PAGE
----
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Et in Arcadia ego II

Museum für Angewandte Kunst Frankfurt, "Der Souvenir" 2006
Curator Anke Volkmer

The more complicated world events in the dissatisfying present become, the more people yearn for immediacy and tend, in theoretical counter-plan, to flee the canon of the quotidian. This utopian locus amoenus has a name: Arcadia, the golden age sung since Theocritus and Virgil, an artificial ideal of creational harmony in carefree peace.

The tragedy-based yearning for a happier world soon fed the worm of thought as to the transitoriness of all earthly things. At the beginning of the 17th century, the Italian painter Giovanni Francesco Guercino wrote "Et in Arcadia Ego" beneath a skull lying on the ground and in the painting by Nicolas Poussin referring to Virgil’s fifth Eclogue, this inscription is placed on a stone sarcophagus in the middle of an idyllic scene.

Simon Beer's Et in Arcadia Ego contrasts the homeless bucolic of the here and now with an anarchic provocative counter-world. Beer’s peculiar dream-sleepwalk vision clearly bears traits of disjunction in its parody of a secret longing for primeval naïveté.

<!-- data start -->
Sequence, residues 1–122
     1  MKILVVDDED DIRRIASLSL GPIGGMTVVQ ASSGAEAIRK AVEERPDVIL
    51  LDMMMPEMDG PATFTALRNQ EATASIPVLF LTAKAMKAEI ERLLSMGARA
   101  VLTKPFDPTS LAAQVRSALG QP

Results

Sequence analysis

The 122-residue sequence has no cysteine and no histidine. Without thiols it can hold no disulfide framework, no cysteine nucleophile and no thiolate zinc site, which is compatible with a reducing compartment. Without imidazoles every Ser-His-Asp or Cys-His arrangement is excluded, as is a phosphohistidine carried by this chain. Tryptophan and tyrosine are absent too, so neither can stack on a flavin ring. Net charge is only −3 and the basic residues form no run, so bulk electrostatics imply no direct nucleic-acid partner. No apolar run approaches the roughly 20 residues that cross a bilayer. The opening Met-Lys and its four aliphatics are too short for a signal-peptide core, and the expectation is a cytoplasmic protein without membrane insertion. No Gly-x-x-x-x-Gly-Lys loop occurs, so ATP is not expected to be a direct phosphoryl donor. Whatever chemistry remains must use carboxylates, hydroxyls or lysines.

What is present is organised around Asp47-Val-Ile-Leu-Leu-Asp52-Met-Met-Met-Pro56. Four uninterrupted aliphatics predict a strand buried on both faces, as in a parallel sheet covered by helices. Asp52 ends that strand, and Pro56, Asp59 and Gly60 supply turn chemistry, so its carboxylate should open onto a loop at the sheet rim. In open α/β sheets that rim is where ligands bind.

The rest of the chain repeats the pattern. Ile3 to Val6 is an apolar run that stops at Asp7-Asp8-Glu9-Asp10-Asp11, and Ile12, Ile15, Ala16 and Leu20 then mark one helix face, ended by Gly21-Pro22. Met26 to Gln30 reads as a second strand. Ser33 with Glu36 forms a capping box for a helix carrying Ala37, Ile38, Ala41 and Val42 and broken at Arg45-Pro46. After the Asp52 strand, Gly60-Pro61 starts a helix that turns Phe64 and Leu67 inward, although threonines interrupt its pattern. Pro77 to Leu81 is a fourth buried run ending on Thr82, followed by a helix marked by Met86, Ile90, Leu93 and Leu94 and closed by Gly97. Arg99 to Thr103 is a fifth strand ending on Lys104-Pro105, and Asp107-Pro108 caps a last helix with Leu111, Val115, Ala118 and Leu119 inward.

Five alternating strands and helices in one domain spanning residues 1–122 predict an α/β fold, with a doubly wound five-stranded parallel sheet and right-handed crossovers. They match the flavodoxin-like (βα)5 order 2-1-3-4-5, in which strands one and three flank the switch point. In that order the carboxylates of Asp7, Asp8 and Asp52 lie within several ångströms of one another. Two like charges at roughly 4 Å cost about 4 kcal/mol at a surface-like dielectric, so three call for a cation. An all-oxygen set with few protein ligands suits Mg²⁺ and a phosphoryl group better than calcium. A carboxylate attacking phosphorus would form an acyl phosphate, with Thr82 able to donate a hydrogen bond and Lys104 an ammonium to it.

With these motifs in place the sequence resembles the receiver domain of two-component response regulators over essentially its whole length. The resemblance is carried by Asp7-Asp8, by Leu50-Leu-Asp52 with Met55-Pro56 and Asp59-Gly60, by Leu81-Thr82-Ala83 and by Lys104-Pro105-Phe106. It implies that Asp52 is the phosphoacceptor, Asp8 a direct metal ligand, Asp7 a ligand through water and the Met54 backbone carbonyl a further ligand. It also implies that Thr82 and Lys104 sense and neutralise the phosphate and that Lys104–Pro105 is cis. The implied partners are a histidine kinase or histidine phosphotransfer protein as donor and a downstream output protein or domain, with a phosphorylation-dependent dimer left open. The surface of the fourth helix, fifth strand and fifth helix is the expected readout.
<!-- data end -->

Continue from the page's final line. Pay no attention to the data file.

Lured by the sound of twittering birds and tumbling water, the viewer glides through velvet hangings into the golden temple, now abbreviated to a momento mori sarcophagus, to nestle down in repose on the red carpet of its paradisal isolation. However, instead of the charming landscape of shepherds' idylls, in this chill-out lounge, the contemporary salutary quester experiences merely instant feng shui. Framed in stucco-incrusted, gold-leaf drowned Baroque, electronically roller-driven light boxes bearing motifs of tropical waterfalls and the meditative murmurings of their canned sound produce a strange weightlessness.

The artist elevates these souvenirs of a condition of satiated beatitude, objets trouvés made in China, from their existence as trivial quotidian objects to the grandeur of artworks. This gesture remains puzzling if the fact is not recognized that, for Beer, art's raison d'être is the sacralisation and perspicacious questioning of everyday life – true to the motto "Life is Art Enough," and to the communicative cooperation that is his most important strategy.

Interior view: column with round seat, 4 entries/exits, velvet vault.

Detail: 2 waterfall images, seen diagonally.

Detail: waterfall image, 120 x 80 cm.

8 rotating waterfall images, each 120 x 80 cm.; gold leaf; red carpet; velvet hangings; velvet curtains; sound system (chirping birds + waterfall noises); architecture: 8 x 8 meters, 4 meters in height; metal letters gilded (ET IN ARCADIA EGO).